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Growing ornamental trees: hawthorns & crab apples

Val Bourne

An ornamental tree can bring colour and presence to even the smallest garden

Ornamental hawthorn tree branch with red fruits
Hawthorn leaves are quick to fall in autumn and reveal a heavy crop of bright-red, cherry-sized fruits

If you want to plant just one slow-growing, small tree the two best families to explore are the crab apples and the hawthorns. They offer self-fertile spring flower and autumn fruit. They are undemanding when it comes to soil and situation and they are completely hardy - even in exposed situations.

Crab apples

I would recommend the following crab apples for their beauty and robust health.

Malus x robusta 'Red Sentinel' is a green-leaved variety with white flowers and clusters of deep-red fruits and these remain on the tree throughout winter.

'Evereste' is a small, conical tree with white flowers, softened by pink-red buds, and the large orange-yellow fruits are about an inch wide (2.5 cm).

'Rudolph', a small upright tree, has darker bronze-red leaves, large rose-red flowers and small orange-yellow fruits.

'Montreal Beauty' is a green-leaved crab apple with large white flowers followed by red and yellow fruit.


The hawthorns are unusual because they can survive salt laden winds and polluted air. Some (like Crataegus crus-galli) have long and vicious thorns but the following are much less savage. Crataegus orientalis (my own favourite) has cream flowers studded with red anthers followed by warm-orange haws. The soft, grey-green leaves are finely cut and this small, airy tree can be used above silver foliage.

A more traditional hawthorn with double, pink flowers is C. laevigata 'Rosea Flore Pleno'. I find this softer on the eye than the brighter pink 'Paul's Scarlet'. But both only form a few haws so if it's an abundance of deep-red fruit you're after opt for Crataegus prunifolia. This compact, but wide-headed tree, has white flowers with red anthers and the branches stretch out almost horizontally. In autumn the vibrant orange leaves are quick to fall and they reveal a heavy crop of bright-red, cherry-sized fruits on bare branches. The fruits gradually scatter on the ground creating a late spectacle in the garden.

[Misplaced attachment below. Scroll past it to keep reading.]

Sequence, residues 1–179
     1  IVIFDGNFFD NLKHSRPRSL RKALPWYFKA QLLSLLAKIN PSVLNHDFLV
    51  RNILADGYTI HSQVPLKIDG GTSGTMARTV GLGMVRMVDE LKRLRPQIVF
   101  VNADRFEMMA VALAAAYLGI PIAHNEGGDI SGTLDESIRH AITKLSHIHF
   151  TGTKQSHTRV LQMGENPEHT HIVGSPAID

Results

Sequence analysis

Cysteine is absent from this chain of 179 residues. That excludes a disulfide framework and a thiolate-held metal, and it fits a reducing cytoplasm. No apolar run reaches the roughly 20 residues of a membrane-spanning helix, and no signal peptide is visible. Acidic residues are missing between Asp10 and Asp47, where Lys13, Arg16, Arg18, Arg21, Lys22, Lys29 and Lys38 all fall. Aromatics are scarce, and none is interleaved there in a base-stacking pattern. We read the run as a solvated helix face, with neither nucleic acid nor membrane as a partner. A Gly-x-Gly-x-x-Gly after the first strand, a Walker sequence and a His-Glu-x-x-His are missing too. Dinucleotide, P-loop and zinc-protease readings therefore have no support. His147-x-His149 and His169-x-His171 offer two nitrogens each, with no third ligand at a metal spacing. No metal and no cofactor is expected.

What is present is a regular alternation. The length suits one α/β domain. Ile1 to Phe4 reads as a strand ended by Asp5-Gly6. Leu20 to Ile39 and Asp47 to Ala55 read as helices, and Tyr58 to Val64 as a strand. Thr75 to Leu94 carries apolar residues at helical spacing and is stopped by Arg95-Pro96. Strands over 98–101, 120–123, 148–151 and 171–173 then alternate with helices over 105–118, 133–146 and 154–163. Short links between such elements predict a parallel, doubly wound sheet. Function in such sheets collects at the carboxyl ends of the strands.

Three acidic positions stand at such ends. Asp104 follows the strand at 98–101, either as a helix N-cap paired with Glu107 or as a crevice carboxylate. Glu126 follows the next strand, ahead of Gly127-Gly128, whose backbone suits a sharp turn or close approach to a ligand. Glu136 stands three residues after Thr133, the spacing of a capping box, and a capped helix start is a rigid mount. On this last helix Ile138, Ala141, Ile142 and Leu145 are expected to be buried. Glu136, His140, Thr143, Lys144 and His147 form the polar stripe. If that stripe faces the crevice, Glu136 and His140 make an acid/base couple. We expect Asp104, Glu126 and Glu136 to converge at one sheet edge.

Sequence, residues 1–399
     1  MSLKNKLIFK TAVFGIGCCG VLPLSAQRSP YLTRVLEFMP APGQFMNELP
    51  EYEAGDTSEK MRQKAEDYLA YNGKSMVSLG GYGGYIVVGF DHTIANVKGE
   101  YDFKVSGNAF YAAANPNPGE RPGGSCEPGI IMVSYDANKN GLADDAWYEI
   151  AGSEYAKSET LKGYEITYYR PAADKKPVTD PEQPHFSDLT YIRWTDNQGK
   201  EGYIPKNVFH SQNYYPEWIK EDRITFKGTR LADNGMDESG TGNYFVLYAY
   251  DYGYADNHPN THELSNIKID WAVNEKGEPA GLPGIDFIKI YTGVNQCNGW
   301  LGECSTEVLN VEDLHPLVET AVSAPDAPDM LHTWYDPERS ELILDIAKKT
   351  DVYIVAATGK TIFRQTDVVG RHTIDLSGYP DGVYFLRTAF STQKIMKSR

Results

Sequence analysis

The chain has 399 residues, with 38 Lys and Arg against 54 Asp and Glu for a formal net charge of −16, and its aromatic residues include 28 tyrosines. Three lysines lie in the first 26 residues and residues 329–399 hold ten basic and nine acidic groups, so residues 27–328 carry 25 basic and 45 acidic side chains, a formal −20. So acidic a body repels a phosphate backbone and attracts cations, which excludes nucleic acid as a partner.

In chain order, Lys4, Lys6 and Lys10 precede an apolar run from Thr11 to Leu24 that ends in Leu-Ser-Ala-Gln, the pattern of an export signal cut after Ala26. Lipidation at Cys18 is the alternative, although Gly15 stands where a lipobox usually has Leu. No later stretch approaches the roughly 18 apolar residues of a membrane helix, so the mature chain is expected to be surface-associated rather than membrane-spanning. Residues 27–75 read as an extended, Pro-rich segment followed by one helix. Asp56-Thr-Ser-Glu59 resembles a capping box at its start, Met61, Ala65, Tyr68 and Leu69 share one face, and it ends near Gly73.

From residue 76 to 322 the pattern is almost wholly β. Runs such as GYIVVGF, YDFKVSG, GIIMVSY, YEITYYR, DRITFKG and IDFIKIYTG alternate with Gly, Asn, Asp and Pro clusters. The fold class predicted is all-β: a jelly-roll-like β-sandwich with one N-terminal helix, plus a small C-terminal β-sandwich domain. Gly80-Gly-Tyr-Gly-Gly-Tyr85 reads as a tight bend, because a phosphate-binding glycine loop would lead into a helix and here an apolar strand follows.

Bare-root or containerised?

December is an excellent month to plant bare-root trees as long as the soil is frost-free but I wouldn't plant anything on heavy clay soil until after late January. Bare-root trees are planted when dormant, between the months of November and early March, and there are definite advantages. The trees are generally cheaper and, although smaller, they race away often outstripping larger, more-expensive container-grown specimens.

Container-grown trees can be planted throughout the year, although never in extreme heat or cold. Always avoid trees that are potbound, that's when the roots go round and round within the pot, and always ask to see the roots when buying. Use a local specialist tree nursery whenever possible. They will give you excellent advice (for your area) and their greater turnover will mean that your tree is likely to be in tip top condition. Too often trees in garden centres are kept in the same pot year after year and never recover.

How to plant an ornamental tree

Buy the tree stake and tie when you buy the tree and you can also buy circular mulch mats to keep the weeds down. This helps a new tree enormously.

Select an open site where you can appreciate your tree. Don't tuck it away on the boundary edge.

Dig a large hole and add organic matter, whether it's garden compost or a soil-based compost, and then plant your tree carefully. Match the height of the soil in the pot to the soil surface because many trees are grafted. This graft needs to be above the ground to avoid suckering.

Carefully stake and secure the tree straight after planting, leaving it in place for three to five years, but do loosen the tie every few months.


The opinions expressed are those of the author and are not held by Saga unless specifically stated. The material is for general information only and does not constitute investment, tax, legal, medical or other form of advice. You should not rely on this information to make (or refrain from making) any decisions. Always obtain independent, professional advice for your own particular situation.